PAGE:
Defendant appealed his conviction and during the pendency of his direct appeal filed a petition for post-conviction relief. The petition raised the same issues as those raised on direct appeal. A hearing on the petition was held on February 15, 1979, at which time defendant filed a supplemental petition for post-conviction relief raising the issue that defendant was unconstitutionally punished for exercising his right to jury trial. The trial court granted the State’s motion to dismiss the petition.
Defendant first contends that he was not proved guilty of attempt murder beyond a reasonable doubt. He bases this issue on the failure of the State to produce any direct evidence at trial of a specific intent to kill Gruner.
While no direct evidence as to defendant’s intent was presented at trial, the circumstances of defendant’s participation in the offense were more than sufficient to demonstrate that defendant had the requisite specific intent. Defendant’s testimony that he did not hand the gun to his brother but, rather, his brother took the' gun from him was contradicted by Gruner’s testimony, which the jury chose to believe. The judgment of the reviewing court will not be substituted for that of the jury on questions involving the weight of the evidence or the credibility of the witnesses. (People v. Stringer (1972), 52 Ill. 2d 564, 289 N.E.2d 631; People v. Mills (1968), 40 Ill. 2d 4, 237 N.E.2d 697.) Evidence adduced at trial of other actions of defendant also indicated that he possessed the requisite intent. Defendant beat Gruner on the chest while his brother choked Gruner to force him to loosen his grip on the gun. Further, defendant pinioned Gruner to the ground while defendant’s brother held the gun to Gruner’s head, attempting to fire it. These actions were sufficient to enable the jury to find defendant acted to aid his brother with the concurrent specific intent to kill Gruner. Cf. People v. Mastin (1976), 41 Ill. App. 3d 812, 354 N.E.2d 540.
Defendant next contends that the trial court erred in refusing to give the jury the second paragraph of Illinois Pattern Jury Instructions, Criminal, No. 3.02 (1968) (hereinafter cited as IPI Criminal). IPI Criminal No. 3.02 provides:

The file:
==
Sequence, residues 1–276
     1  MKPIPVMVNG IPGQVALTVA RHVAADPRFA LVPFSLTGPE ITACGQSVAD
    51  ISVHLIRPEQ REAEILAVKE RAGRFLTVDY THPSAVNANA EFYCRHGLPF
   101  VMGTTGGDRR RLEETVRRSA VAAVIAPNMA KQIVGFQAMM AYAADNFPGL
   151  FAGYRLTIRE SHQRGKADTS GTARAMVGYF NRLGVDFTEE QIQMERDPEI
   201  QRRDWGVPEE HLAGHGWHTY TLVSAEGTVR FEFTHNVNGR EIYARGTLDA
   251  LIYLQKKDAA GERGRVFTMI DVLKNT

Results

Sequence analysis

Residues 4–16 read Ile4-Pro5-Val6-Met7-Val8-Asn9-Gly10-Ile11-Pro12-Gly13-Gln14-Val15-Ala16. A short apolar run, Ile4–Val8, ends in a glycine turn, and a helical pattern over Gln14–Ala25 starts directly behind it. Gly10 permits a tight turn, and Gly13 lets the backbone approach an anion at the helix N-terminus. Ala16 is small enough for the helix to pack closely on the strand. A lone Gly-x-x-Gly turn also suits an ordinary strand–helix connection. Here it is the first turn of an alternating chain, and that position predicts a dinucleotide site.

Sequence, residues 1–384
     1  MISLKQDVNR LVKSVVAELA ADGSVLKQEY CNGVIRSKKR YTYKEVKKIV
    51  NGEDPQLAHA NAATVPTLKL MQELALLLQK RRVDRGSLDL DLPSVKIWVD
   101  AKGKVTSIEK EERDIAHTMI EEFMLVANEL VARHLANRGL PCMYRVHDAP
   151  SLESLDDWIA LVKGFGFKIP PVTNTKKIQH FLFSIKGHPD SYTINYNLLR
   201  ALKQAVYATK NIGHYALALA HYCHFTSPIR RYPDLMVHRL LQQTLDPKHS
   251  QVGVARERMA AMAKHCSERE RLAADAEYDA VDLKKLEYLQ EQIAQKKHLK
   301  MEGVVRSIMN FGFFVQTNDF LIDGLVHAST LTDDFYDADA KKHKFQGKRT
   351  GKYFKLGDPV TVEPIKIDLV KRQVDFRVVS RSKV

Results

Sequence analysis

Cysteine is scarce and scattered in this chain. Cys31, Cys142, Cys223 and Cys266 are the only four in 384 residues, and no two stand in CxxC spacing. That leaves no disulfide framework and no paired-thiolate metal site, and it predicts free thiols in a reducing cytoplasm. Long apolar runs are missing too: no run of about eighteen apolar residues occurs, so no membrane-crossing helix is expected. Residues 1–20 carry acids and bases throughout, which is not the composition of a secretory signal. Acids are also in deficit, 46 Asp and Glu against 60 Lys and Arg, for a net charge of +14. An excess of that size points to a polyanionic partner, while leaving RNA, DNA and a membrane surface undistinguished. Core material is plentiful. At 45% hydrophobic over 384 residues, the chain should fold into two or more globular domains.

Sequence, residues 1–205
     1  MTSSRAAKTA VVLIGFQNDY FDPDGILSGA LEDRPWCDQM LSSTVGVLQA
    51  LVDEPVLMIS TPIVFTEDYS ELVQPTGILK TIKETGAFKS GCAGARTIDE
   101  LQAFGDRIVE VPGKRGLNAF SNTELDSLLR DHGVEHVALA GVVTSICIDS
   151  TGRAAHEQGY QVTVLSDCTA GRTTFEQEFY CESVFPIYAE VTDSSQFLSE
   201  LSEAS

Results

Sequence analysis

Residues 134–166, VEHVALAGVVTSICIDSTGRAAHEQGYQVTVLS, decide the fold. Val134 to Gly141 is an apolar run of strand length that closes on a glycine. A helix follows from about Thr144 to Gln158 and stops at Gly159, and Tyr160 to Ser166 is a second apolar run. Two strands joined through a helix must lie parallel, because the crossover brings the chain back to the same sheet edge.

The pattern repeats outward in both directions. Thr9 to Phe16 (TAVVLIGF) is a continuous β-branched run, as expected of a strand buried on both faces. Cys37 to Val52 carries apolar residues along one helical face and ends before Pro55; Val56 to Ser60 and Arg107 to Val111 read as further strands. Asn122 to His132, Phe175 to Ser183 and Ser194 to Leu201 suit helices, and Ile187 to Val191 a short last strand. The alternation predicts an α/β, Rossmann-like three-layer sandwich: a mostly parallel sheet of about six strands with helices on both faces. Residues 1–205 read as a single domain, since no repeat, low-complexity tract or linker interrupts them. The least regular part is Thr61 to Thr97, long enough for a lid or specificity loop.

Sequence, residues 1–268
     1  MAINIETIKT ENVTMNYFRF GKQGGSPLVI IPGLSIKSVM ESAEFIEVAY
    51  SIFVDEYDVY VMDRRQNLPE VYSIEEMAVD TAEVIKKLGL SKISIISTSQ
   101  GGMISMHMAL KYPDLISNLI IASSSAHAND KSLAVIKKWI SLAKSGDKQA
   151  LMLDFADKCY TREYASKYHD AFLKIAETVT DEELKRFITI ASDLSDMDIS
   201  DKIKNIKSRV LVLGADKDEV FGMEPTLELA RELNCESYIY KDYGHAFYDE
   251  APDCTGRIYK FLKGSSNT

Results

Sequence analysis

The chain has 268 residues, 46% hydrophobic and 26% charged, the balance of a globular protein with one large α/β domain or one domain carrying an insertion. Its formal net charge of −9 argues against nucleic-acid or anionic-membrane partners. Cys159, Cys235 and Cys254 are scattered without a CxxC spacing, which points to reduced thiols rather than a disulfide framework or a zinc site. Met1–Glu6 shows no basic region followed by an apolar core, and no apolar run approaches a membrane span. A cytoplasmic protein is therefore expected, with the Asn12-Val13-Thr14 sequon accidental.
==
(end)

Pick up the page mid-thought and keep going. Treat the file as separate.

“Circumstantial evidence is the proof of facts or circumstances which give rise to a reasonable inference of other facts which tend to show the guilt or innocence of [the] [a] defendant. Circumstantial evidence should be considered by you together with *994all the other evidence in the case in arriving at your verdict.
[You should not find the defendant guilty unless the facts and circumstances proved exclude every reasonable theory of innocence.]”
The committee note following this instruction in the Illinois Pattern Jury Instructions states: “The second paragraph should be given only when the proof is entirely circumstantial.” As stated in People v. French (1978), 59 Ill. App. 3d 353, 375 N.E.2d 502, the committee note is couched in terms limiting the times when it is permissible to give the second paragraph and not in terms of stating the times when that paragraph must be given. In the instant case, there was direct evidence of the defendant’s participation in the offense and only the evidence as to his intent was circumstantial; therefore, the trial court properly refused to include the second paragraph of IPI Criminal No. 3.02 in its instructions to the jury.
The defendant’s third contention is that certain prosecutorial conduct denied him a fair trial. Specifically, defendant points to the prosecutor’s repeated questions to defendant as to his assessment of the truthfulness of the State’s witnesses. The State admits that the conduct of the prosecutor during the cross-examination of defendant was improper. We agree, particularly in view of the repeated objections by defense counsel which were sustained by the trial court. However, the defendant failed to raise this error in his post-trial motion and therefore such error is waived. (People v. Hammond (1977), 48 Ill. App. 3d 707, 362 N.E.2d 1361.) Further, the evidence of defendant’s guilt was overwhelming, and the prosecutor’s conduct did not rise to the level of plain error inasmuch as it did not result in substantial prejudice to the defendant. People v. Cook (1979), 71 111. App. 3d 134, 389 N.E.2d 616.
Defendant also points to the prosecutor’s characterization of defendant as a “road vagabond” in closing argument as denying him a fair trial. The comment was an isolated comment which resulted in no prejudice to defendant. Where there is clear and convincing evidence of defendant’s guilt, improper comments made by the prosecution will not require a reversal. It must appear that such remarks prejudicially influenced the jury or that the verdict would have been otherwise had the remarks not been made. Cf. People v. Harris (1975), 33 Ill. App. 3d 600, 338 N.E.2d 129.